information. Astroturfing campaigns
can be set up by parties or interest groups to duped
citizens into believing in false grassroots initiatives. In short, there is no reason to believe
A party strategist from Québec after the 2012 provincial election, cited in Giasson et al. (2019: 337).
A party strategist from Québec after the 2012 provincial election, cited in Giasson et al. (2019: 337).
Astroturfing campaign refers to a centralized communication campaign where information is disseminated fraudulently
by bogus citizens or groups of citizens (see Boulay, 2015; Keller et al., 2020).
that attractive opportunities for certain political actors will not be taken because they are
contrary to ethical rules.
For Bayer (2020), micro-targeting represents a double threat. First, it deprives non-
targeted citizens of their right to receive all the information necessary for the exercise of
their political choice. Certain segments of the population are considered more electorally
“useful” than others and become key targets of the communication strategies of political
actors. Second, micro-targeting leads to a distortion of the public debate because it
restricts the free flow of information.
Social media combined with data-driven strategies like micro-targeting may create an
uneven distribution of information among voters. Advertising is therefore no longer a
collective phenomenon where the masses used to be simultaneously exposed to a similar
message, but an increasingly individualized and personalized experience. A voter is
exposed to a message that corresponds to his or her interests, created by a party
according to them. Flows of information vary from individual to individual (Miller and
Vaccari, 2020). The positions expressed by the political actor can be different, even
contradictory, depending on who they are addressed to. It can also generate false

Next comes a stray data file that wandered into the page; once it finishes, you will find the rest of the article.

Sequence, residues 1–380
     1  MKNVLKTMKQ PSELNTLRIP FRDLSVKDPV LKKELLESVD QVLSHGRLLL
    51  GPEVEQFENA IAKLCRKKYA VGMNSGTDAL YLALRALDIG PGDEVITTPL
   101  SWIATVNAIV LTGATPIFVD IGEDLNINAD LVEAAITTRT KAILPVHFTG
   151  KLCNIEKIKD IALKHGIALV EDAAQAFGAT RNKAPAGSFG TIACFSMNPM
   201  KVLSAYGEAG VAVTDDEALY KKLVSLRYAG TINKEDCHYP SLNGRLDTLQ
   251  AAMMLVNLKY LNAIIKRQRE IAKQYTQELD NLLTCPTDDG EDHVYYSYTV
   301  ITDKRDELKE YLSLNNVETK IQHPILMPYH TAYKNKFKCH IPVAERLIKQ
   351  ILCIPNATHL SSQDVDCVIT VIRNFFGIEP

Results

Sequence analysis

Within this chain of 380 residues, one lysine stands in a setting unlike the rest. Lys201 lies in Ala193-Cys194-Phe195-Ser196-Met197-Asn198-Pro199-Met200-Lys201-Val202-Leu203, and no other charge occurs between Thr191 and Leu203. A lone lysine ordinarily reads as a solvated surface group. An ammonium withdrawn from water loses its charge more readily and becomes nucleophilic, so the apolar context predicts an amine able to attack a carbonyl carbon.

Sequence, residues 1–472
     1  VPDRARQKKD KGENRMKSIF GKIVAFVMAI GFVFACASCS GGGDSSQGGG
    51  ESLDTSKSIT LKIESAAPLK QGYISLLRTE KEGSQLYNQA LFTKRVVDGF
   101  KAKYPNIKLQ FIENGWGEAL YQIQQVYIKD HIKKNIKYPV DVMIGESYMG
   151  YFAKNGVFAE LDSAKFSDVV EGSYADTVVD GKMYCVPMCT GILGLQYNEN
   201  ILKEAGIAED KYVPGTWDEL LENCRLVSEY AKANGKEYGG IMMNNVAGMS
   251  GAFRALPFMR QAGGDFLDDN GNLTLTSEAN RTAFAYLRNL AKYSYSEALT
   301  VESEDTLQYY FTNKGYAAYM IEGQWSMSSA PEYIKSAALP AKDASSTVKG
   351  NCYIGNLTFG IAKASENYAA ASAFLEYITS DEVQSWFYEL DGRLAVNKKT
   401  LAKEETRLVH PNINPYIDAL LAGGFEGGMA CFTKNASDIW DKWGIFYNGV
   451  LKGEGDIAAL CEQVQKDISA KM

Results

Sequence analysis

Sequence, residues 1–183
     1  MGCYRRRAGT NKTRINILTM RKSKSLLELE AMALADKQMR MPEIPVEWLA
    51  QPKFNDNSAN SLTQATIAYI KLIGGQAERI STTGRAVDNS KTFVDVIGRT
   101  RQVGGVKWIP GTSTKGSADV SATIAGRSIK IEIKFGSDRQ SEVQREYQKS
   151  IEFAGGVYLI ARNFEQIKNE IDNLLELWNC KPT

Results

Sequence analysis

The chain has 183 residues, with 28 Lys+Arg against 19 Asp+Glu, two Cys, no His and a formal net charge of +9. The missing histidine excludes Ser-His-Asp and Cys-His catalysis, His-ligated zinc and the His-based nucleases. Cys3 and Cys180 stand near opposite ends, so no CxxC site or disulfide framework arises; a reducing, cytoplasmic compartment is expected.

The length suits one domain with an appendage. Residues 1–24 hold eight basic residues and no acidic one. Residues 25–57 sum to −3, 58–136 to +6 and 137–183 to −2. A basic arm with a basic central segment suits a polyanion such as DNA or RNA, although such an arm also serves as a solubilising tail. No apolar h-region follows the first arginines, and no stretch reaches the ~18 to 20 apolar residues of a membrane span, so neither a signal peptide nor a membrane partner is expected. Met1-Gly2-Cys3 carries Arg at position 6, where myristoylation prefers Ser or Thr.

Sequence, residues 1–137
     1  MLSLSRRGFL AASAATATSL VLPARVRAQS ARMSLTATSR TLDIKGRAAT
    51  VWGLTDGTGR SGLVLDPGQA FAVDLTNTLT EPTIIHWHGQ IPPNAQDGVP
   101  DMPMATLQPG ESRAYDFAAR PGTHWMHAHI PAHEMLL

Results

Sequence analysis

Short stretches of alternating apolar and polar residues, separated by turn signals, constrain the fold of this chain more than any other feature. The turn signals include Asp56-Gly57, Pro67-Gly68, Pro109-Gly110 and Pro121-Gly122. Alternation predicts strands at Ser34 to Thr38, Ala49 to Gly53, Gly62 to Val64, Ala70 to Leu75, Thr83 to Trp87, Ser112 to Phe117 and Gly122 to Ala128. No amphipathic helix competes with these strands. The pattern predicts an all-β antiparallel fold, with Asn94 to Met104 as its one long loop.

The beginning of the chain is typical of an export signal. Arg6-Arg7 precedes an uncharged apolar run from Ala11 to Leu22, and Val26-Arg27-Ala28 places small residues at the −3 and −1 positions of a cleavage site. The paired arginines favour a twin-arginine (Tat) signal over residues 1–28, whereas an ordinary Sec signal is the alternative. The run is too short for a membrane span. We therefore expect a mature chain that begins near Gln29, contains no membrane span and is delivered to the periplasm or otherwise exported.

perceptions of the priorities of a political actor (Zuiderveen Borgesius et al., 2018).
Obviously, this can influence the conduct of electoral campaigns, but it can also have
consequences in times of governance.
The inequality of participation also represents a threat to democracy. Although social
media have the potential to allow more people to participate in public debate, research
suggests that only a minority of citizens use Internet and social media to engage in politics
(Lalancette and Bastien, 2019; Small et al., 2014).
The same goes for political parties.
Not all are equal in the digital world. Technological tools and expertise necessary to carry
effective micro-targeting are not equally accessible to political actors (Miller and Vaccari,
2020). Also, resources and funding are factors that influence the ability of an electoral
organization to take full advantage of technological opportunities. What is more, some
campaigns have to deal with internal resistance. Some candidates, organizers or
volunteers are slowing down the adoption of new practices in parties because they do not
see their relevance or see them as a threat to their influence within an organisation. Thus,
not all campaigns have the same opportunities. This unequal access to micro-targeting
techniques poses a threat to free and pluralist debate since the diffusion of certain political